Bunny Lee Museum Opens on International Reggae Day

Bunny Lee Museum
A bust of legendary Jamaican music producer Bunny Lee. It is one of many artifacts at the Bunny Lee Museum in Kingston, Jamaica. The facility had a soft launch on July 1, celebrated as International Reggae Day.

 

by Howard Campbell

KINGSTON, Jamaica — The Bunny Lee Museum, a shrine that encapsulates the legacy of one of reggae’s greatest producers, opened here July 1, celebrated as International Reggae Day.

The soft launch was open to family, close friends and media at the flamboyant Lee’s former recording studio. Lee, who died in October, 2020 at age 79, produced countless hit songs by artists such as John Holt, Johnny Clarke, Roy Shirley, Cornel Campbell and Max Romeo.

Tiffany Thomas, communications officer for the museum, said the facility will officially open in February, acknowledged globally as Reggae Month.

Bunny Lee Museum - Tiffany Thomas
Tiffany Thomas, communications officer at the Bunny Lee Museum in Kingston, stands by an organ once owned by keyboard ace Jackie Mitoo.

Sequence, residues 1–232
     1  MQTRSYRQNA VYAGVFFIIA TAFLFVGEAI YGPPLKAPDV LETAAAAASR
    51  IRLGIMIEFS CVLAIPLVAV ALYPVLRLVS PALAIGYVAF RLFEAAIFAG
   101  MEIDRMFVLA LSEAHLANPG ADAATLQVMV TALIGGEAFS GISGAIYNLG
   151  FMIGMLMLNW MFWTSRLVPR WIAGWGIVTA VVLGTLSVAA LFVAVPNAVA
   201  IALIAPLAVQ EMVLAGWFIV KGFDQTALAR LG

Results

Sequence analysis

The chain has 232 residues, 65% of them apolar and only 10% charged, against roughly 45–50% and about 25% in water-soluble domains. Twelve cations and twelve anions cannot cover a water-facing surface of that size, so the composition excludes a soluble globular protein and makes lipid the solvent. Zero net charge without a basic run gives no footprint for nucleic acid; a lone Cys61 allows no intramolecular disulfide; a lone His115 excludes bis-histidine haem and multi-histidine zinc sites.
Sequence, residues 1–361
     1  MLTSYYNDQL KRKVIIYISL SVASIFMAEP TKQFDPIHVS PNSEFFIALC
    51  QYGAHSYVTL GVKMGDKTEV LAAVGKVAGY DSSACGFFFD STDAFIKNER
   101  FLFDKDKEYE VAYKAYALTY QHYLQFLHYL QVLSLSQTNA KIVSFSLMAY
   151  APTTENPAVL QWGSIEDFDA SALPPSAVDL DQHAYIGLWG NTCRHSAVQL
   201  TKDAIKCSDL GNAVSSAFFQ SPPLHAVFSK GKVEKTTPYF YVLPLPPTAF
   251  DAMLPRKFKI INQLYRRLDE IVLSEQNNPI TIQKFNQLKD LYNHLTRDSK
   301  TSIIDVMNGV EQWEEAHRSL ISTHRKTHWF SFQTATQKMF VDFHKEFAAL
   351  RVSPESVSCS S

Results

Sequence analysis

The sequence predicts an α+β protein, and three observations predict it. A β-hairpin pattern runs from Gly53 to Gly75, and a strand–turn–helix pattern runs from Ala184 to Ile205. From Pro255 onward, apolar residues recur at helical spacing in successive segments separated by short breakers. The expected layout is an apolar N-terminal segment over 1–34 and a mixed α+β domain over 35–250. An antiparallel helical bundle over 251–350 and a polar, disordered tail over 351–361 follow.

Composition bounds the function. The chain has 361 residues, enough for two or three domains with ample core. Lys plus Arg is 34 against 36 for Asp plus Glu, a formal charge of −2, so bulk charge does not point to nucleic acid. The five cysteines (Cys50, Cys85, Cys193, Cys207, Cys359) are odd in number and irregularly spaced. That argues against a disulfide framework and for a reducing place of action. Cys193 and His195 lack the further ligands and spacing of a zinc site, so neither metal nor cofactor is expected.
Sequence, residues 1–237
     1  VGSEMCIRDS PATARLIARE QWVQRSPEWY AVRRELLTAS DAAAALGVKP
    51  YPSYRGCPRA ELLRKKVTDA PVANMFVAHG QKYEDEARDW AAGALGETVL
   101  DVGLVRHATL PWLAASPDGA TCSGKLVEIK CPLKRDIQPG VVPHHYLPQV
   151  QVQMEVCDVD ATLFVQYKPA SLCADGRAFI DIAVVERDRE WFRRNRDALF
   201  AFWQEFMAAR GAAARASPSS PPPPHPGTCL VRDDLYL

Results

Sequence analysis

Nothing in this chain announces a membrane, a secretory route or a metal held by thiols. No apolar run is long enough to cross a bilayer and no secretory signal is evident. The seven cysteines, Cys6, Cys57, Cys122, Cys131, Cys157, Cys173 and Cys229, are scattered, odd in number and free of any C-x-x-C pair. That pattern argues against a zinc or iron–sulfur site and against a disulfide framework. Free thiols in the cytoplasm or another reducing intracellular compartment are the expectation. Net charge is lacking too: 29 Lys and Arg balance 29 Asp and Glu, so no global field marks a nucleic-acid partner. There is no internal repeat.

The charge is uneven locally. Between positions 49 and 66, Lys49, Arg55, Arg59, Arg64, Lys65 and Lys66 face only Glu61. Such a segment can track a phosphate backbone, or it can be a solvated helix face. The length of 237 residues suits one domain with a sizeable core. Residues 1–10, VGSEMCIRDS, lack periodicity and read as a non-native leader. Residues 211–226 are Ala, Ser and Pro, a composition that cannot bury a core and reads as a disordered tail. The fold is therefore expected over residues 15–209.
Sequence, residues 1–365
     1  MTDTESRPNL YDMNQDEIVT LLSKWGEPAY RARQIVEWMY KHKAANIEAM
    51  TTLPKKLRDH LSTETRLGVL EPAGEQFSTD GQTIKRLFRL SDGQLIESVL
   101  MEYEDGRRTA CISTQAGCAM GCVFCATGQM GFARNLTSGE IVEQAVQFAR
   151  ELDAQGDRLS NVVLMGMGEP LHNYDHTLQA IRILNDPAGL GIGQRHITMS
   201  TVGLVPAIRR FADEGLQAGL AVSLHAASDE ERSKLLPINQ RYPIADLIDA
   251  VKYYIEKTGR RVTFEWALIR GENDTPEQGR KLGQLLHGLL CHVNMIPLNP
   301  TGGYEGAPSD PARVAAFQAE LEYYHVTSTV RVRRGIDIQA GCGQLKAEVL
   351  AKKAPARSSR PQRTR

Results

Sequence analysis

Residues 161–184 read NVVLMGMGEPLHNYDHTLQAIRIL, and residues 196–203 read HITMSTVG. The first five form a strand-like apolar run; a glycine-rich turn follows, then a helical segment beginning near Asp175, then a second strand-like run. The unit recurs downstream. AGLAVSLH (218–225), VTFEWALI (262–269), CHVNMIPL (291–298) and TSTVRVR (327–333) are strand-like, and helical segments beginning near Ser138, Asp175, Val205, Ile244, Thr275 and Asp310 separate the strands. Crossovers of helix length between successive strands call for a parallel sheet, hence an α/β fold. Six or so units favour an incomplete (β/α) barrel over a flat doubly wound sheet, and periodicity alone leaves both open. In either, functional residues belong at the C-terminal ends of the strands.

“This is really just to mark International Reggae Day. It’s been a long time coming, but we are proud of where we are because to get and maintain some of the old artifacts, took some doing,” she told South Florida Caribbean News.

Bunny Lee Museum Artifacts

Some of the items at the museum include a Hofner bass guitar, once owned by Robbie Shakespeare of Sly and Robbie fame, who died in 2021. Shakespeare was Lee’s leading session musician for many years.

Other pieces are a guitar that belonged to Jerome “Jah Jerry” Haynes of The Skatalites, horns owned by members of The Skatalites, and mixing boards Lee used during the 1970s, when he had most of his hit songs including Stick by Me from John Holt, Better Must Come by Delroy Wilson and None Shall Escape The Judgement by Johnny Clarke.

Known as Striker, Lee was from Greenwich Town, a seafaring community in Kingston. He helped promote songs by producers Duke Reid, Leslie Kong and Clement Dodd in the early 1960s, before starting his own label.

During the late 1960s, he had hit singles with Bangarang by Lester Sterling and Stranger Cole, the risque Wet Dream by Max Romeo and Roy Shirley’s Music Field.

A mural with images of reggae legends including Reid, Kong, Dodd, Chris Blackwell and Prince Buster, dominates one of the museum’s rooms.

Bunny Lee was awarded the Order of Distinction, Jamaica’s sixth-highest honor, in 2008.